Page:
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The Department of Labor (DOL) Announces Independent Contractor Final Rule

Tonya Fletcher SPHR, SHRM-SCP
by Tonya Fletcher SPHR, SHRM-SCP on January 11, 2024

On January 9, 2024, the U.S. Department of Labor announced a final rule revising the Department’s guidance on how to analyze who is an employee or independent contractor under the Fair Labor Standards Act (FLSA), which will be effective on March 11, 2024. The final rule repeals the Independent Contractor Status Under the Fair Labor Standards Act rule (2021 IC Rule), which was published in 2021, replacing it with an analysis for determining employee or independent contractor status that is more consistent with the FLSA as interpreted by longstanding judicial precedent.

The misclassification of employees as independent contractors can deny workers minimum wage, overtime pay, and other protections. This final rule reduces the risk that employees are misclassified as independent contractors while also providing a consistent approach for businesses that engage with individuals who are in business for themselves.

The final rule will have major ramifications for the gig economy, as app-based platforms have typically classified their delivery drivers and other gig workers as independent contractors. Other occupations that may be similarly affected are freelance workers or consultants such as writers, musicians, IT professionals, trainers, and other people whose work is project-based.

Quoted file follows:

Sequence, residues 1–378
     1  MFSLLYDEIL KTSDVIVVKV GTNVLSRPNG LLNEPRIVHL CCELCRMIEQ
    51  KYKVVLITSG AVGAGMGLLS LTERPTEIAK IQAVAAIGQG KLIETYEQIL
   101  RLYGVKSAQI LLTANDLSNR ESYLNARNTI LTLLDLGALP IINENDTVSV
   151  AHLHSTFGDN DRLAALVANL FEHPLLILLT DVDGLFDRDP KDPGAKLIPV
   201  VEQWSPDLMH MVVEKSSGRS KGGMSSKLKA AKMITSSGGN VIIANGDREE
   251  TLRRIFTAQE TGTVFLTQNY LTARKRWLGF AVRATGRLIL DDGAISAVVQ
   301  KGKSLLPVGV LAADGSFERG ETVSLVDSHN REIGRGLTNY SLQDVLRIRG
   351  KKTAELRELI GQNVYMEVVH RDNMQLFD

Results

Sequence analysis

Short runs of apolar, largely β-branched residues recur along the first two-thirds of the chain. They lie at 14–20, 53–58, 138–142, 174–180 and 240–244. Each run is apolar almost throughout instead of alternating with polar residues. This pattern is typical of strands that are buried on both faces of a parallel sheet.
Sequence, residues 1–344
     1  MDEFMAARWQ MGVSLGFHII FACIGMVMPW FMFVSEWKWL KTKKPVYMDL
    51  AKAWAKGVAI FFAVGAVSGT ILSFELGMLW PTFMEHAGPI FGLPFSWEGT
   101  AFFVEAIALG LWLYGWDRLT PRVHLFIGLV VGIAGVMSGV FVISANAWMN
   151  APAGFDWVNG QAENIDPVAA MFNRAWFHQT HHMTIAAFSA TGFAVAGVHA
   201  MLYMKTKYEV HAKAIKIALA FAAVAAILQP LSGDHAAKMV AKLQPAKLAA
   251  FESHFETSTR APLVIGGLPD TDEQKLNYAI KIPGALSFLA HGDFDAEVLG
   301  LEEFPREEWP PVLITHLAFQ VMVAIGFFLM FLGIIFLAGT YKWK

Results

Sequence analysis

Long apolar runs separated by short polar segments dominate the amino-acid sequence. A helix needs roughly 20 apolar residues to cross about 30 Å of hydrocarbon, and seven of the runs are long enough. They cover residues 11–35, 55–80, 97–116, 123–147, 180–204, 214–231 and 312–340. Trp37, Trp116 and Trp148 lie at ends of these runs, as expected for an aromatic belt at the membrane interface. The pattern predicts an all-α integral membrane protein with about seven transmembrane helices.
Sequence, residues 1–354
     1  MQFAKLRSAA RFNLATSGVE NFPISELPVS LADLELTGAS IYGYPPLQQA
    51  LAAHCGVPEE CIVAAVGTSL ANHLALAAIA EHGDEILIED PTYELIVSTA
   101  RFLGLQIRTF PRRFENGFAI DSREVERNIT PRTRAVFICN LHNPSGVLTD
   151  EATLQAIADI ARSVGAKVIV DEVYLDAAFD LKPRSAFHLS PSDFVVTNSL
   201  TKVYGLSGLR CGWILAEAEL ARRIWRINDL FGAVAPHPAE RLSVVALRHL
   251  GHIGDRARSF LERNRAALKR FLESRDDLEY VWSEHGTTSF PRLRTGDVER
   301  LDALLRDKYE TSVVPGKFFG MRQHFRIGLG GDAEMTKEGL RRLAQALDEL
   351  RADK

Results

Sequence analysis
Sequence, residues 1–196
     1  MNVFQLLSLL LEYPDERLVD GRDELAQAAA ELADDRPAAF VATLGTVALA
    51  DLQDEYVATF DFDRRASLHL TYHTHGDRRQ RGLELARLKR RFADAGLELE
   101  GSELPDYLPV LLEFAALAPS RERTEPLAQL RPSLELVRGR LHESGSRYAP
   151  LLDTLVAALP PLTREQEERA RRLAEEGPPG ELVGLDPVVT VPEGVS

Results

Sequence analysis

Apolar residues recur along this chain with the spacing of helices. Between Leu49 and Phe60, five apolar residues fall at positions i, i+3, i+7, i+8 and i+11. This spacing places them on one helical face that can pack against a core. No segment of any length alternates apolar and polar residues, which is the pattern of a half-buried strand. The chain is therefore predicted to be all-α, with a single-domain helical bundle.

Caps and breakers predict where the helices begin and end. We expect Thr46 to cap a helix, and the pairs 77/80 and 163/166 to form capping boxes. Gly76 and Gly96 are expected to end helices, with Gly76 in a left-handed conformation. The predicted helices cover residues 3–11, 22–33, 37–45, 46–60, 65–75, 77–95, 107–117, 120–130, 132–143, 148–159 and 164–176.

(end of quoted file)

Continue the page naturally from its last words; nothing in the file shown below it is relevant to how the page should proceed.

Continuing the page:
Under the new framework, the DOL will consider six factors when examining the relationship between a potential employer and workers.

These factors are:

  1. The degree of permanence of the work relationship.
  2. The nature and degree of control over the performance of the work.
  3. The worker’s opportunity for profit or loss.
  4. The use of the worker’s skill and initiative.
  5. Investments made by the worker and the employer.
  6. The extent to which the work performed is an integral part of the employer’s business.

This final rule overturns the 2021 rule where two core factors—control over the work and opportunity for profit or loss—carried a greater weight for determining the statuses of independent contractors. Under this new rule, employers will use a totality-of-the-circumstances analysis, where none of the factors carry a greater weight than others.

The rule was published in the Federal Register on Wednesday, January 10, and is slated to take effect March 11, with the DOL planning to release further guidance to help employers stay in compliance with this rule.

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Tonya Fletcher SPHR, SHRM-SCP
Tonya Fletcher SPHR, SHRM-SCP

Tonya is the Labor Compliance Manager at FrankCrum. In this role, she leads the FrankAdvice team of HR consultants and manages the delivery and content of best practice HR information to client owners and managers. When she’s not at work, Tonya enjoys international travel.